Satish Chandra, C.J.
1. One Ram Swarup died on 19th December, 1971, leaving behind his widow, Smt. Kalawati Devi, and one married daughter, Smt. Usha, to succeed to his estate. The widow, as an accountable person, filed a statement of the estate under the E.D. Act. She claimed that in the HUF properties her husband had a one-third share, which alone passed on his death to herself and her daughter. This plea was repelled. The Asst. Controller held that the deceased was the exclusive owner, and so the entire property passed on his death. The matter was taken up in appeal. The Appellate Controller confirmed the finding of the Asst. Controller. The accountable person took up the matter to the Income-tax Appellate Tribunal. There reliance was placed on Section 6 of the Hindu Succession Act, 1956. The Tribunal held :
' In the present case, the property had come to the family of the deceased on a partition of the bigger HUF. It was, therefore, joint family property and was treated as such in the income-tax assessments. Merely because the deceased was the sole male coparcener in the family, it would not mean that the character of the property underwent any change. The wife had a right to maintenance and certainly the deceased could not have disposed of this property by way of gift. It could not be said, therefore, that he was its absolute owner and his right was only to the extent of one third and same was liable to be included.'
2. The appeal was accordingly allowed.
3. At the instance of the Controller of Estate Duty, the Tribunal has referred the following question for our opinion :
' Whether, on the facts and in the circumstances of the case, the Tribunal was in law justified in holding that tbe deceased had only one-third share in the properties '
4. At the time of his death on 9th December, 1971, Ram Swarup's family consisted of his widow and a married daughter. The question is as to the rights and interest of the deceased and his widow and daughter in the property which the deceased, Ram Swarup, obtained on a partition of the bigger HUF. It appears that the property so obtained by Ram Swarup was treated as joint family property in the income-tax assessments. The Tribunal has held that he was not the absolute owner of the property. He had only an one-third share in it ostensibly on the footing that his widow and daughter also had an one-third share each. For the revenue, this view has been seriously questioned.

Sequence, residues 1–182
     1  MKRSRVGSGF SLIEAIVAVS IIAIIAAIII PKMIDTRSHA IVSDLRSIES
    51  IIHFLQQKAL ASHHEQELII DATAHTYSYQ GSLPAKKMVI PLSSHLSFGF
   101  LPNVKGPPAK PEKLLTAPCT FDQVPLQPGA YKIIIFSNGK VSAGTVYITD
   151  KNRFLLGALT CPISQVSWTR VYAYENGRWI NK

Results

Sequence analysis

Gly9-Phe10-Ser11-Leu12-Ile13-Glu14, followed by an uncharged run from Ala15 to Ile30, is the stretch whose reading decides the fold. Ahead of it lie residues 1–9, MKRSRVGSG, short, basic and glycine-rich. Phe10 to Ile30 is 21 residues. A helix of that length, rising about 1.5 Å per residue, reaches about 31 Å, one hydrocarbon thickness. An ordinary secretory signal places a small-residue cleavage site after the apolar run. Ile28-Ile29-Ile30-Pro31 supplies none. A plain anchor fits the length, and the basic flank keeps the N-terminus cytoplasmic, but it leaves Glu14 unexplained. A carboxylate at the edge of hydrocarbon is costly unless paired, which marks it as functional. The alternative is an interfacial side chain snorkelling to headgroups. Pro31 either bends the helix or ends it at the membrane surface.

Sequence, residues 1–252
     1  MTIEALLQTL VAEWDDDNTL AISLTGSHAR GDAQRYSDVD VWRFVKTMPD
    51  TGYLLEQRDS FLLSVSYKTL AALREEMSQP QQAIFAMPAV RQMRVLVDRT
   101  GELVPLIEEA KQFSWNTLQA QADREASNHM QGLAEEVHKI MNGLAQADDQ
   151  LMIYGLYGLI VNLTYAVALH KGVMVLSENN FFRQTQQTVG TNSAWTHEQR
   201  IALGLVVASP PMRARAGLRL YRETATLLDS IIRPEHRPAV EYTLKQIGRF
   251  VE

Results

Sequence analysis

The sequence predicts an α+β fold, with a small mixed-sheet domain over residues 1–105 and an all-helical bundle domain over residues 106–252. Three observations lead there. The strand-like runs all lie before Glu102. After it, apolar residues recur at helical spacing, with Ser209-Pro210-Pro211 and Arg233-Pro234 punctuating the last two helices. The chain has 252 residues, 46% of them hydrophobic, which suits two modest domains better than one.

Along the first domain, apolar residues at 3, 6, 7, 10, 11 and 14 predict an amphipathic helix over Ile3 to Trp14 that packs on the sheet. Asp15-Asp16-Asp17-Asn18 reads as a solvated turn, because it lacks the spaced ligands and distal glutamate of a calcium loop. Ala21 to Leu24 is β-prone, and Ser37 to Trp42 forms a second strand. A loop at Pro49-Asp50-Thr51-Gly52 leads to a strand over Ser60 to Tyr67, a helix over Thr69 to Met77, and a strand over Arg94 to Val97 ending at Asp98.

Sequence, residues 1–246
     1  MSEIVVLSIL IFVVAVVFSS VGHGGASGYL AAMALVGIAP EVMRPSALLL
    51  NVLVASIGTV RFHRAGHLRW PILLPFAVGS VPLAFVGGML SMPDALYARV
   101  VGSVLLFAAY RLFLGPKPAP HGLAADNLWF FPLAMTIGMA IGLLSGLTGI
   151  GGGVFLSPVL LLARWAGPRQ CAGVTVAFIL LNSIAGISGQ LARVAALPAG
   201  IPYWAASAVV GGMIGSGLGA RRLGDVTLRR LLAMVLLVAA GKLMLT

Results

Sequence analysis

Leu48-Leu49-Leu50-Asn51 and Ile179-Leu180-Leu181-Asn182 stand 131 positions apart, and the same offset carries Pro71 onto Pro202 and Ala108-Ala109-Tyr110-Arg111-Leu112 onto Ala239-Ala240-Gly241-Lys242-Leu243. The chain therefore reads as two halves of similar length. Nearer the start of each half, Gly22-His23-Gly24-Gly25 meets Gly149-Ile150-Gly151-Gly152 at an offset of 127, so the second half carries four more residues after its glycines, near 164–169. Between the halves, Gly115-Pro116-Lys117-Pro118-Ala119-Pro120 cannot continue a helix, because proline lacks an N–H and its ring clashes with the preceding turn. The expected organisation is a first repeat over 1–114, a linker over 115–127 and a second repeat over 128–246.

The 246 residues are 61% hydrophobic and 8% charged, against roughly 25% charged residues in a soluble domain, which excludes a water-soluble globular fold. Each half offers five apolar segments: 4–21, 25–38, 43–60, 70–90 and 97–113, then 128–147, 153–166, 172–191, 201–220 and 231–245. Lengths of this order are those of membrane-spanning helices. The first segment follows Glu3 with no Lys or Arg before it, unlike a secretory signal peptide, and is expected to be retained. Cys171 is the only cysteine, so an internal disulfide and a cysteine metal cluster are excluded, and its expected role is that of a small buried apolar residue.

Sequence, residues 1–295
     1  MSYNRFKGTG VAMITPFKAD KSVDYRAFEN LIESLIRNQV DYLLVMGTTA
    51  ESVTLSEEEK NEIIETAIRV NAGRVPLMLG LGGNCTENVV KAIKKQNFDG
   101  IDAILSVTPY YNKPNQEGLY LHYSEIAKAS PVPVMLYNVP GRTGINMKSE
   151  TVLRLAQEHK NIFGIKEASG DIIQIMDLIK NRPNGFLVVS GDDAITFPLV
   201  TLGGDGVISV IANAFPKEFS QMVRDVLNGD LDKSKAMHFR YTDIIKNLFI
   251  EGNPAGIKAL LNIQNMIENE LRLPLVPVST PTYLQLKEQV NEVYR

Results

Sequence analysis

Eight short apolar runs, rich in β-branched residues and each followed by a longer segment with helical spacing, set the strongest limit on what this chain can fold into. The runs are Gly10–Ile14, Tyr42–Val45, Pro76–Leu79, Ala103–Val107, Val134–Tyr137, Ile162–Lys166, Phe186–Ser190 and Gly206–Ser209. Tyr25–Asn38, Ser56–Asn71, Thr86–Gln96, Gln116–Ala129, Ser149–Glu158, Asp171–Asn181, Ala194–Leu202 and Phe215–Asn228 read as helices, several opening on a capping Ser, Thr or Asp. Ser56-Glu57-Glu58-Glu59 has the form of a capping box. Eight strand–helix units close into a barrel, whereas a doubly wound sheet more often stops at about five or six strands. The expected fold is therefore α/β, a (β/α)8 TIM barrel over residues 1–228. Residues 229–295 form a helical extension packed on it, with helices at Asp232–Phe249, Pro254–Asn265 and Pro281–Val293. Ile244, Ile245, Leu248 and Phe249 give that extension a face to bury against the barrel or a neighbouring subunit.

5. In Mulla's Hindu Law, 14th edn., para. 223(4), at p. 272, it is stated :
' (4) Share allotted on partition.--The share which a coparcener obtains on partition of ancestral property is ancestral property as regards his male issue. They take an interest in it by birth, whether they are in existence at the time of partition or are born subsequently. Such share, however, is ancestral property only as regards his male issue. As regards other relations, it is separate property, and if the coparcener dies without leaving male issue, it passes to his heirs by succession.'
6. In para. 230 of Mulla's book several categories of properties are mentioned as separate property of the acquirer. They are his self-acquired property. Under Clause (6) is included share on partition, that is, property obtained as his share on partition by a coparcener who has no male issue. Admittedly, Ram Swarup did not have any male issue. He had only his wife and a daughter. In view of the aforesaid statement of the law the share allotted to Ram Swarup on the partition of the bigger HUF would be his separate property, and the entire property will pass to his heirs by succession.